71% of the population supports Shabbat transportation, and a dramatic 78% favors the IDF conscription of yeshiva students, according to the recent Hiddush annual religion and state index for 2023.
Amid the ever-present conflict between ultra-Orthodox and secular Jews, the new findings indicate heightened tensions surrounding the operation of public transportation on Shabbat and the conscription of yeshiva students to the IDF.
The sharp divide between Israel's ultra-Orthodox and secular communities is becoming more pronounced. Recent incidents have fueled these tensions, from disputes over transportation during Shabbat to the growing debate on military service exemptions for ultra-Orthodox youths. These disagreements, long-standing in Israeli discourse, seem to be reaching a boiling point as shown in this year's survey.
Trust in the Supreme Court has seen a concerning drop to 36%. The significant decline hints at a potential crisis in public faith in the judiciary. Many speculate the reasons, ranging from recent controversial rulings to an overall distrust in governmental bodies.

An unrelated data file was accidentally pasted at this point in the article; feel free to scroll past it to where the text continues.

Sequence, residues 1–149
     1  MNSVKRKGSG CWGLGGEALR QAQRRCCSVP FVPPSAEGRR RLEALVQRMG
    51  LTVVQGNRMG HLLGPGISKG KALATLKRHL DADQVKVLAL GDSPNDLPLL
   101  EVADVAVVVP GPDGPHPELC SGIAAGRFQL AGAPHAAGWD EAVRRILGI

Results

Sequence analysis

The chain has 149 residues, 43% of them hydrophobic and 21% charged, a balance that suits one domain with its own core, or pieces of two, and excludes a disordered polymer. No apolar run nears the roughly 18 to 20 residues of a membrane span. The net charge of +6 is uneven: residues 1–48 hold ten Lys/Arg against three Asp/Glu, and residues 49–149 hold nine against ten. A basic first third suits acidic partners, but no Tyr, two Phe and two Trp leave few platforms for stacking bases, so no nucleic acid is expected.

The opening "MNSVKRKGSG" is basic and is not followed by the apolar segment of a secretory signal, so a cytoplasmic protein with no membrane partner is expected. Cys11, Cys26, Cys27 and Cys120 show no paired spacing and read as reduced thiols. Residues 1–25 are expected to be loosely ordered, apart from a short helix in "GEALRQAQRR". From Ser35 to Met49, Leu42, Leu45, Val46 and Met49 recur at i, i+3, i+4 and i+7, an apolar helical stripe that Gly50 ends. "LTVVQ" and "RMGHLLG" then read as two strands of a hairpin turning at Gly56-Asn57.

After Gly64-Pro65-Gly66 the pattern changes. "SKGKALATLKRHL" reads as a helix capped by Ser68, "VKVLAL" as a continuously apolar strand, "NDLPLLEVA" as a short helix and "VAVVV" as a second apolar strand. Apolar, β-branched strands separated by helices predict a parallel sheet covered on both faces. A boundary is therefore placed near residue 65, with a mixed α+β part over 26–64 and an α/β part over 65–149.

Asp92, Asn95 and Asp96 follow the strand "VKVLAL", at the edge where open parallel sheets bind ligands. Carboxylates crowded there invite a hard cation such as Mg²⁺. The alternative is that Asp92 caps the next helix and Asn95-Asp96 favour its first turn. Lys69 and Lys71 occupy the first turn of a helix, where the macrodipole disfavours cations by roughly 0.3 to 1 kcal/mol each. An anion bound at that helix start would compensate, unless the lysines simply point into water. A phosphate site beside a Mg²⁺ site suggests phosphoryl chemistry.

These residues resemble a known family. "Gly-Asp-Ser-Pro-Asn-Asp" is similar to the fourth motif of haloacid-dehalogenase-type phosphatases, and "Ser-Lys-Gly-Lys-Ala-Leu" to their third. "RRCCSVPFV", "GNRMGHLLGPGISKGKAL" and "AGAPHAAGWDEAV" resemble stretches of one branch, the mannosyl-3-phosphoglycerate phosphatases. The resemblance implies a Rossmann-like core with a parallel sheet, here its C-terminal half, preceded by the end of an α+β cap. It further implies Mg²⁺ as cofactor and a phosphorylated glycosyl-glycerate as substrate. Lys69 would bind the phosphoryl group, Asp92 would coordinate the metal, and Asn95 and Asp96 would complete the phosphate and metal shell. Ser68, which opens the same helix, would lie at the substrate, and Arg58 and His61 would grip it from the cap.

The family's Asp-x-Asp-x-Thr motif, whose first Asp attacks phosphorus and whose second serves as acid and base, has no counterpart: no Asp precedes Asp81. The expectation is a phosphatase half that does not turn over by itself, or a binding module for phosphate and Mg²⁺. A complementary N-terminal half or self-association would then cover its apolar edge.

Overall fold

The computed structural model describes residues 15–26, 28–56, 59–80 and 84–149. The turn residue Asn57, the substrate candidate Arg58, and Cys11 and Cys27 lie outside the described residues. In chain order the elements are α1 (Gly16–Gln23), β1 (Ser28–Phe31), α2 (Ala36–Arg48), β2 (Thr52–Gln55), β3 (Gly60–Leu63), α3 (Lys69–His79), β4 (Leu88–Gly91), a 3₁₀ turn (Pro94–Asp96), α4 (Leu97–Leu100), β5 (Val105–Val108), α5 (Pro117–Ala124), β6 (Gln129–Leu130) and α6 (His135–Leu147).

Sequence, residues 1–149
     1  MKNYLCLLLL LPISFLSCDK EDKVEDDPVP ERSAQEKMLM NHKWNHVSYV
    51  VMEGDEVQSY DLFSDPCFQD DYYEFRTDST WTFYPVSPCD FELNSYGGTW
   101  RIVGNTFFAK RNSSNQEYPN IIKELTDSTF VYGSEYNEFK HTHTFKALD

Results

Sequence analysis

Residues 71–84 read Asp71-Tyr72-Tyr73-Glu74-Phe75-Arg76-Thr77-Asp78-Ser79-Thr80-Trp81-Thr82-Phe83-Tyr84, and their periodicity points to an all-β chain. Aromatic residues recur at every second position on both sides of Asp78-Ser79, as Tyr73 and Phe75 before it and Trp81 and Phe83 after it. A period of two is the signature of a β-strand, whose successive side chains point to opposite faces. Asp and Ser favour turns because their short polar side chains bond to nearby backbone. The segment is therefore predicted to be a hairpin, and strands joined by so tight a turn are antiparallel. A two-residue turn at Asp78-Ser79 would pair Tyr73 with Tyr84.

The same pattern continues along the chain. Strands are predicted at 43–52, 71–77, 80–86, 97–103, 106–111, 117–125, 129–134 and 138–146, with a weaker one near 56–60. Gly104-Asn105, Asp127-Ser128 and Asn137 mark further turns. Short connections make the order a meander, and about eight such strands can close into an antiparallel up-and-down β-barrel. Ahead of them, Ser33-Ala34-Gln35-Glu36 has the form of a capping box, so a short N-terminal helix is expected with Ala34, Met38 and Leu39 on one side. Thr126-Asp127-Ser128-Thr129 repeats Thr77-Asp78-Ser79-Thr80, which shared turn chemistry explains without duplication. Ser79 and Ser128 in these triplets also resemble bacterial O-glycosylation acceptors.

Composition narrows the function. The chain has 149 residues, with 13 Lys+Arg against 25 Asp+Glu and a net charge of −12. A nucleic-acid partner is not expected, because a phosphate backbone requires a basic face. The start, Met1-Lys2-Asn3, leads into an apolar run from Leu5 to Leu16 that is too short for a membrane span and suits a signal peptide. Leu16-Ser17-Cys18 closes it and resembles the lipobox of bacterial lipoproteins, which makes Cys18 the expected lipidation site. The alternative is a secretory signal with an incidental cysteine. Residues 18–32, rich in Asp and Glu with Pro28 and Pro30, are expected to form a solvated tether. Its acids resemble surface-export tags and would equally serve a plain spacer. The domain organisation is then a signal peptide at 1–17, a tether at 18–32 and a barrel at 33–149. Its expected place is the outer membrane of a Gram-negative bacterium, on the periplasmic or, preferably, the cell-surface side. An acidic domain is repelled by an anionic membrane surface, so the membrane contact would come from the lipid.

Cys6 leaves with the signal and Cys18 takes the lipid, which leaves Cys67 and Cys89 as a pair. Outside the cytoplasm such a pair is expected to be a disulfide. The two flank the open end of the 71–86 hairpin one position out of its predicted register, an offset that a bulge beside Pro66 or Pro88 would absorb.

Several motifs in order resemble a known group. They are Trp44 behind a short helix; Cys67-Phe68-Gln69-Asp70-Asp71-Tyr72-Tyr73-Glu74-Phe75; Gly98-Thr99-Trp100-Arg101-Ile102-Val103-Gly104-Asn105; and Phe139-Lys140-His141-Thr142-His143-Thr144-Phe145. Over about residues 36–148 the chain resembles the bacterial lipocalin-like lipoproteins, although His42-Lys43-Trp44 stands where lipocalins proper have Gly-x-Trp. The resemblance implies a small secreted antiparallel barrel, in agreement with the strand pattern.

In the midst of these tensions, 62% are in favor of Diaspora Jewish organizations playing a role in promoting religious freedom and pluralism in Israel.
Commenting on the findings, Rabbi Uri Regev, a staunch advocate for religious freedom in Israel and Hiddush CEO, remarked, "These statistics are indicative of a pivotal moment for Israeli society. The widening chasm between religious communities, along with declining trust in central institutions, is a red flag for all invested in Israel's unity and future."
Israelis are tired of funding yeshiva students
Other statistics from the survey included that 69% of respondents support slashing or completely abolishing yeshiva funding, despite the government's decision to increase said funding. Furthermore, despite the government's favor towards ultra-Orthodox education, 77% of adult Jews oppose this preferential treatment.
Responses also pointed towards evolving marriage preferences. While 53% still lean towards Orthodox marriage, 24% of the secular public prefer virtual "Utah marriages" via Zoom, and 30% of the secular Jewish public favor cohabitation without a formal marriage.
The Hiddush report highlights several other relevant issues, such as the inclusion of religious studies in public education and women's role in religious ceremonies.